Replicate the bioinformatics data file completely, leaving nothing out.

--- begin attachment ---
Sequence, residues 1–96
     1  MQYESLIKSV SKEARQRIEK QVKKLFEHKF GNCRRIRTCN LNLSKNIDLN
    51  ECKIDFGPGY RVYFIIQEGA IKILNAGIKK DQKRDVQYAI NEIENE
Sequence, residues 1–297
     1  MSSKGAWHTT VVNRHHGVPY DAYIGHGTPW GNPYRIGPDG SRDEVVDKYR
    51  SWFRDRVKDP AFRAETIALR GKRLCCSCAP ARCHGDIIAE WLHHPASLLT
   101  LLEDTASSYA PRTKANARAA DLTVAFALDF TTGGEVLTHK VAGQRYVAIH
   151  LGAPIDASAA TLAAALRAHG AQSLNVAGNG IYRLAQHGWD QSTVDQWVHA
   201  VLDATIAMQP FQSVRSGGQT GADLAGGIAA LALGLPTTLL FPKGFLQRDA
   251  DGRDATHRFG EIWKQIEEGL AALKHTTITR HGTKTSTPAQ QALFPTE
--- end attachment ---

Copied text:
Sequence, residues 1–96
     1  MQYESLIKSV SKEARQRIEK QVKKLFEHKF GNCRRIRTCN LNLSKNIDLN
    51  ECKIDFGPGY RVYFIIQEGA IKILNAGIKK DQKRDVQYAI NEIENE
Sequence, residues 1–297
     1  MSSKGAWHTT VVNRHHGVPY DAYIGHGTPW GNPYRIGPDG SRDEVVDKYR
    51  SWFRDRVKDP AFRAETIALR GKRLCCSCAP ARCHGDIIAE WLHHPASLLT
   101  LLEDTASSYA PRTKANARAA DLTVAFALDF TTGGEVLTHK VAGQRYVAIH
   151  LGAPIDASAA TLAAALRAHG AQSLNVAGNG IYRLAQHGWD QSTVDQWVHA
   201  VLDATIAMQP FQSVRSGGQT GADLAGGIAA LALGLPTTLL FPKGFLQRDA
   251  DGRDATHRFG EIWKQIEEGL AALKHTTITR HGTKTSTPAQ QALFPTE